But thankfully it didn’t work out half as dramatically as I was worried it would. I have three shifts left at my part-time job. And a new adeptness at staying up nights. I think this writing thing will work out just fine.

How are you all doing, you lovely people?

Music Monday: Skylar Grey – Love the Way You Lie

It’s my day to post at the Dojo! Hop over there and see about going through the motions—in a good way!

I know you know the Rhianna/Eminem version… but have you heard the original? It’s gorgeous. And apparently about an abusive relationship with the music industry, which makes it much more interesting than the “I’m sticking around for because my man is mine” whatever story the more popular version tells.

Just think about that. Think about how packaging changes the way a story is told, especially with something as subjective to the reader/listener as a song is. Some may say that as a writer you have to make your “point” clear to your audience. Others would say just the opposite: you can’t make your version real for the audience, what matters is their account.

Me? I’m somewhere in the middle on this. I don’t think that I can write a story about one thing and have it secretly be about something else. Not intentionally, by any means. I don’t demand for readers to see  the story exactly as I see it either, though. I want readers to get a chance to come to their own conclusions about certain characters, actions, etc.

What do you think?

Five Things Friday: Five Awesome Things About NiNoCon

What are your plans for next Saturday? Have you heard of NiNoCon? Or of writing ninjas? Did you know that there are writing ninjas that will have a writer’s conference on February 4th? It’s going to be seriously awesome, and here are five reasons why:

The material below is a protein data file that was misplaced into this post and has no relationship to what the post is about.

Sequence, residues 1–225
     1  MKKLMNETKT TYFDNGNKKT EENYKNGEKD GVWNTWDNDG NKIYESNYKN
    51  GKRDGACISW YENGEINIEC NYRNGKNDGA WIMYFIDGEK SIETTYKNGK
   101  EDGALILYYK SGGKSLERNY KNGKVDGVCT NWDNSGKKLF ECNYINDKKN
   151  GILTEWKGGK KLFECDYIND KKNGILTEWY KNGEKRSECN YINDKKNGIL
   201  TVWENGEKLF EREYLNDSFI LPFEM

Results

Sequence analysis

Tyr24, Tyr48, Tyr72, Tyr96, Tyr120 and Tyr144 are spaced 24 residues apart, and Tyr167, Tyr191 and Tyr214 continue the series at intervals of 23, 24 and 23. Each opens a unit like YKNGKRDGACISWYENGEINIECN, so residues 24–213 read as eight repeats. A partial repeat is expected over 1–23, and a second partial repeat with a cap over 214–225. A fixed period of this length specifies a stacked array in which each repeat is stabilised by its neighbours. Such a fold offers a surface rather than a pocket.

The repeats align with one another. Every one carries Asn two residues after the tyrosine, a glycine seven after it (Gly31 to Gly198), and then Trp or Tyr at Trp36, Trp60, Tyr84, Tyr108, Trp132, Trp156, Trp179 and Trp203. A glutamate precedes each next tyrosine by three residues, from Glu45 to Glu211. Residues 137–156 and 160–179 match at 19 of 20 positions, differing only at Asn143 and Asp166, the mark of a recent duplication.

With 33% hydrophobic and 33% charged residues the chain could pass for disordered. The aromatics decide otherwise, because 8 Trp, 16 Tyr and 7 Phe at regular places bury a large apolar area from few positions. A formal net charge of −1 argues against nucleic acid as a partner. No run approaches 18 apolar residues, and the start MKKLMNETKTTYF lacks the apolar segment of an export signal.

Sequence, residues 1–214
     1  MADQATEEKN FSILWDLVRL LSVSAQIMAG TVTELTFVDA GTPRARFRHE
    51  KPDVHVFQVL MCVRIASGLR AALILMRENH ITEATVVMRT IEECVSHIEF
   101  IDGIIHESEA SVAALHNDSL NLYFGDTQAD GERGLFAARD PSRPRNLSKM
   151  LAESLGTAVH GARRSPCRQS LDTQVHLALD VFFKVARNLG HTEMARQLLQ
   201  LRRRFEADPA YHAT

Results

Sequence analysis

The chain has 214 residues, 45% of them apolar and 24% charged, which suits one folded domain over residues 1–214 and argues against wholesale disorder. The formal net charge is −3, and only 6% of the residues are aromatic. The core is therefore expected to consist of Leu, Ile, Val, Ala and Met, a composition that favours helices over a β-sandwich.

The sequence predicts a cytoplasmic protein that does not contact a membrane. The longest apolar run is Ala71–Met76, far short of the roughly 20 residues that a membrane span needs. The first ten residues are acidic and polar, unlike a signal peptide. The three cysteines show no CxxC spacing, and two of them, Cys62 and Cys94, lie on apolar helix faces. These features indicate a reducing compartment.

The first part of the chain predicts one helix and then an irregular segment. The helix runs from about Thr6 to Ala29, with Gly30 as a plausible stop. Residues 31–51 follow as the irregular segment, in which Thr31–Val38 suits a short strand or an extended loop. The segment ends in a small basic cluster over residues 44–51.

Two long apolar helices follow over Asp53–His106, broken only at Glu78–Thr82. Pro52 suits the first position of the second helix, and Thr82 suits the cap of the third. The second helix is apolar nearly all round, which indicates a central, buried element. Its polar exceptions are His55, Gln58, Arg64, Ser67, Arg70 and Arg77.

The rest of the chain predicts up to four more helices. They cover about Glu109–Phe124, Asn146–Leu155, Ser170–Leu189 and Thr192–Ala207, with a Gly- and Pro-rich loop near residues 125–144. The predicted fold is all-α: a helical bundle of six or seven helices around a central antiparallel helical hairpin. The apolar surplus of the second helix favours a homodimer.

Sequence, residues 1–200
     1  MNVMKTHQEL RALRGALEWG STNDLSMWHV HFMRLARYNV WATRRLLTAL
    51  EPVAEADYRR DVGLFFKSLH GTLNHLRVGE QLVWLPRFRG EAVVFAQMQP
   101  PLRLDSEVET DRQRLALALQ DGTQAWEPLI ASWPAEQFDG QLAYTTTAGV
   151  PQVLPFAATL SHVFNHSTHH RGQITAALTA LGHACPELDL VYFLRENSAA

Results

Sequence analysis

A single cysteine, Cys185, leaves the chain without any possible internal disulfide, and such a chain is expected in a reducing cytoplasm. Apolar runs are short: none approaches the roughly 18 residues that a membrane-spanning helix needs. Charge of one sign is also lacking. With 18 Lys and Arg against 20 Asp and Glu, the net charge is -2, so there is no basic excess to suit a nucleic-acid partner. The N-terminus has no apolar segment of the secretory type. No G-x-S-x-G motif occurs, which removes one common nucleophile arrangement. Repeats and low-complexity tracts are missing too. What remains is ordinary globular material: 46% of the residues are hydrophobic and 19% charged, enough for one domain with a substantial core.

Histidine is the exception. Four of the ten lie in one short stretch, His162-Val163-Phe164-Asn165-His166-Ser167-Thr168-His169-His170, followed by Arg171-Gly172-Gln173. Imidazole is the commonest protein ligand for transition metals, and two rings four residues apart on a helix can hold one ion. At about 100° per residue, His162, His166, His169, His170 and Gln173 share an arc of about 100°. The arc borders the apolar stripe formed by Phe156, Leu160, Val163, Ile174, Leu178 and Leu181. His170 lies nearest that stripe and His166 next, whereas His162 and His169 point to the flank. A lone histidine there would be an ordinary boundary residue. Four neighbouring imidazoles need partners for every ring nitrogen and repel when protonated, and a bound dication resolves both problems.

1) THIS CONFERENCE IS FREE. There is absolutely no cost to participate!

2) THIS CONFERENCE IS ONLINE. Have trouble getting to writer’s conferences because you live in the elbow of the middle of nowhere? As long as you have an internet connection, this conference is for you! And hey, you can show up in your PJ’s and your curlers, we won’t tell. (We won’t even know!)

3) THIS CONFERENCE IS INNOVATIVE. The publishing world is changing, and this conference is going to teach you all the hows and whys of “nontraditional” ways of publishing. If you’re even considering self-publishing, this conference is for you.

4) THIS CONFERENCE HAS CREDENTIALS. There is a panel of experts and and authors who will be available for you to pick their brains on all things writerly, bloggerly, or self-publishy. Thy all want to help YOU. For free! That’s how awesome this conference is.

5) THIS CONFERENCE HAS PRIZES. Oh, did I mention? There are going to be giveaways. How do I know this? Well, because I’m donating one! A full-manuscript edit from Type Set, Inc is going to go to one lucky participant.

So mark your calenders, ladies and gents! There’s no need to pre-register for this event, just head over to www.ninjaswrite.com. The more the merrier!

Tuesday Talk: The Art of the Possible

- G.K. Chesterton

My title comes from a song in Evita, which calls “politics” the art of the possible. I think writing is really the art of the possible, though. Even if we like to slip into impossible once in a while. Because really, we deal in possibility. If _______ happens, what could possibly be the result?

What would it be like if an elven-year-old boy got a letter saying he was really a wizard? If a teenage girl saw her younger sister picked to fight to the death? If a boy turned into a wolf when the weather got cold?

Maybe these things aren’t likely to happen—but that’s not the point. The point is, in order for fiction to work, the reaction has to be real. The consequences have to ring true. Every character, every place, every society has to have an echo of truth to it, or it will not read as true. It will not hit home for the reader with the force that it’s supposed to. Science fiction has to be based on science. Fiction has to be based on fact.